British Embassy In Syria Quietly Under Construction As UK Concedes Assad To Stay

Syria’s President Assad is fast “coming in from the cold” a recent AFP headline concluded.

This not unlike the history of Libya’s Gaddafi, suddenly going from international pariah status to being courted by the Bush administration starting in 2004, culminating in Condoleezza Rice sharing a late night dinner with the late Libyan dictator during an official visit in September 2008 (though later returning to “pariah” in 2011, leading to a bloody field execution). But for Assad, who’s long long promised to “liberate every inch” of natural Syria now a greater possibility given US plans to pull all troops out of the country likely within months things could be moving faster than anyone expected.

An exclusive report by Middle East news site, Al Masdar, suggests the UK could be the next to reestablish official diplomatic relations with Assad, as the British Embassy in Damascus appears to be undergoing construction after being shuttered for most of the conflict following the suspension of all services in 2012. Could Britain be readying to reopen its embassy in Syria following similar preparations by a spate of Arab nations, most notably the UAE?

Al Masdar News was able to confirm the following by visiting the British embassy location in Damascus:

The British Embassy in Damascus is undergoing construction, despite the fact that it was closed at the start of the Syrian conflict.

According to an Al-Masdar field correspondent who visited the site, the British Embassy in Damascus was indeed under construction, marking the first time since its closure that any work has been done to the building.

Syrian government officials, who would be kept apprised of any impending plans or construction works, declined to comment:

Al-Masdar reached out to the Syrian government about the mysterious construction; however, the official in Damascus declined to comment on the project.

The project reportedly began earlier this week and the construction focused on the front entrance of the building.

Iranian media is also currently circulating reports of renovations underway on the UK’s embassy to Syria, via Fars News:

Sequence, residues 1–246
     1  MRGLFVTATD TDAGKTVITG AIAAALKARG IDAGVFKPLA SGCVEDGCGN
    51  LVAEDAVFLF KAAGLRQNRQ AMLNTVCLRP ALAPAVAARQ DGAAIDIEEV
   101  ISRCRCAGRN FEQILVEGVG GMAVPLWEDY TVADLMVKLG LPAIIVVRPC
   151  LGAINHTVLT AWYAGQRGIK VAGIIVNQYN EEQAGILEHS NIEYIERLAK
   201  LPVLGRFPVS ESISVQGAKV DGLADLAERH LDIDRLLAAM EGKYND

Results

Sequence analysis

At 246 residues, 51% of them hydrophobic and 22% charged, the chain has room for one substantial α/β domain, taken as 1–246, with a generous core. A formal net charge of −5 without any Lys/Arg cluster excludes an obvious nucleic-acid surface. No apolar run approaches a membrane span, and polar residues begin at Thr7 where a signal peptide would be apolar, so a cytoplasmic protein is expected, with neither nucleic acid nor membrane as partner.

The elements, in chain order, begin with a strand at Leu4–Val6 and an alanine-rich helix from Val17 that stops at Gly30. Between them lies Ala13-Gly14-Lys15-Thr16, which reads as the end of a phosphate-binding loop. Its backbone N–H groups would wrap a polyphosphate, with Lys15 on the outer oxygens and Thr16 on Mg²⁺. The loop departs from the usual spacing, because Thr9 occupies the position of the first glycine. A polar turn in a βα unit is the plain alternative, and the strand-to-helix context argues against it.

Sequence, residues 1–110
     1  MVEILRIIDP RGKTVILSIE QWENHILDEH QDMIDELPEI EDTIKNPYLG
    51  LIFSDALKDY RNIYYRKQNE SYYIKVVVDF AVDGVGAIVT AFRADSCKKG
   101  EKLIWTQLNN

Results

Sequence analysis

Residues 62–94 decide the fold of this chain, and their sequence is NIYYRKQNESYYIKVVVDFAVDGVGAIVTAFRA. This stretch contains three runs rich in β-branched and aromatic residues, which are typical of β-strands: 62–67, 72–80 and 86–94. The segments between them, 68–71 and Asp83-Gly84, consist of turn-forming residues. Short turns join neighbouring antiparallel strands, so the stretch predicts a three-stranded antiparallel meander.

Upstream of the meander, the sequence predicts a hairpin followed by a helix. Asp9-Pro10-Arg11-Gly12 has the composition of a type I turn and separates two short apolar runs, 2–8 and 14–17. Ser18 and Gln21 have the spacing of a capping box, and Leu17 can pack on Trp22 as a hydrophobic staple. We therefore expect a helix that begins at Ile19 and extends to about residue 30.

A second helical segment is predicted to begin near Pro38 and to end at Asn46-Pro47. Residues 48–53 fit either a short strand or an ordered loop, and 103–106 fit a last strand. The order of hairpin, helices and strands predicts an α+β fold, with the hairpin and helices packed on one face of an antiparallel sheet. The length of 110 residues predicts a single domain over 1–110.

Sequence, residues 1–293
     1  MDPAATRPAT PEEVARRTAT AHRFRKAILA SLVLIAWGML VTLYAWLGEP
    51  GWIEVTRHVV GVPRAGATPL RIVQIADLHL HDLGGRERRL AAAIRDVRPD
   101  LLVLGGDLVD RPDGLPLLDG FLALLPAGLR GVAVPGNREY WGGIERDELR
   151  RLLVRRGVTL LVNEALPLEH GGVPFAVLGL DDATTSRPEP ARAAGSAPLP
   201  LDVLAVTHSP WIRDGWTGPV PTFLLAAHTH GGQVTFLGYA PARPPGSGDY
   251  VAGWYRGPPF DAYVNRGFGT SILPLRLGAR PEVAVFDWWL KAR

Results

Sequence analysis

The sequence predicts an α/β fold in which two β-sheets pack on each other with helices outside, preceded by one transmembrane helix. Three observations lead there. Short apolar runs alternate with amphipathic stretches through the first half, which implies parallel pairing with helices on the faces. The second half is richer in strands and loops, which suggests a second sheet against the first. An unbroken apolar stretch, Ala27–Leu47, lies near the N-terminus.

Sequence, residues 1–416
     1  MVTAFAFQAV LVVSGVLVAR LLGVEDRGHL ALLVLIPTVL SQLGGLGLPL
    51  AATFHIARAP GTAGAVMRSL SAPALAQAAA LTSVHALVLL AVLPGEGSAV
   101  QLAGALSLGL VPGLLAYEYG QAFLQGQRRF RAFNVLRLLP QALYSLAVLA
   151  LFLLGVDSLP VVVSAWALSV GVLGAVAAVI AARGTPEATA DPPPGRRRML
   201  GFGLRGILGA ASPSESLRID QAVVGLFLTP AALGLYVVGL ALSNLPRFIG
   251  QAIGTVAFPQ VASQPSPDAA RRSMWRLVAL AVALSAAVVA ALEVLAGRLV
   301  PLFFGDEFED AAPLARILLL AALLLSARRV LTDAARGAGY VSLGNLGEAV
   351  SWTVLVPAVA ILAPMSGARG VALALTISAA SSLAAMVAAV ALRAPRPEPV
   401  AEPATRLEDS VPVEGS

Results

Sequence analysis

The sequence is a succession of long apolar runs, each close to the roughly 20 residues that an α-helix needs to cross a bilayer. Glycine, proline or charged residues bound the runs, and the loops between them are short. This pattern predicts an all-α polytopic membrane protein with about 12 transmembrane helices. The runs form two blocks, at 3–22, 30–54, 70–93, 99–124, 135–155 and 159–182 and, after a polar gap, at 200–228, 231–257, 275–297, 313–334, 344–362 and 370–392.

The Arabic-language Rai al-Youm quoted informed sources as saying that the renovation process of the UK embassy in Damascus has begun on Thursday.

The sources pointed to the presence of an interior renovation team in Damascus, and said that the embassy is preparing for reopening in the near future.

In a relevant development in late December, as Arab states had rushed to resume ties with Damascus, former Britain’s Ambassador to Syria Peter Ford said “Washington is not powerful enough to block restoration of Arab states’ diplomatic relations” with Syria.

Crucially, news of construction on the embassy building comes the same day UK’s Foreign Ministry has announced it’s officially given up on hoped-for regime change in Syria. From the start of the war UK intelligence has been at the forefront, alongside the CIA, of regime change efforts including funding, arming, and training opposition forces in Syria.

Britain’s Foreign Secretary Jeremy Hunt speaks during a press conference at Ministry of Foreign Affair in Putrajaya, Malaysia, Thursday, Jan. 3, 2019. via the AP

According to The Telegraph, citing official statements:

Jeremy Hunt, Foreign Minister, has conceded that President Bashar al-Assad will remain in place for “a while”, reversing Britain’s long-held position to reflect the new reality on the ground in Syria.

“The British long-standing position is that we won’t have lasting peace in Syria with that (Assad-led) regime,” Mr Hunt said. “But regretfully we do think he’s going to be around for a while and that is because of the support that he’s had from Russia.”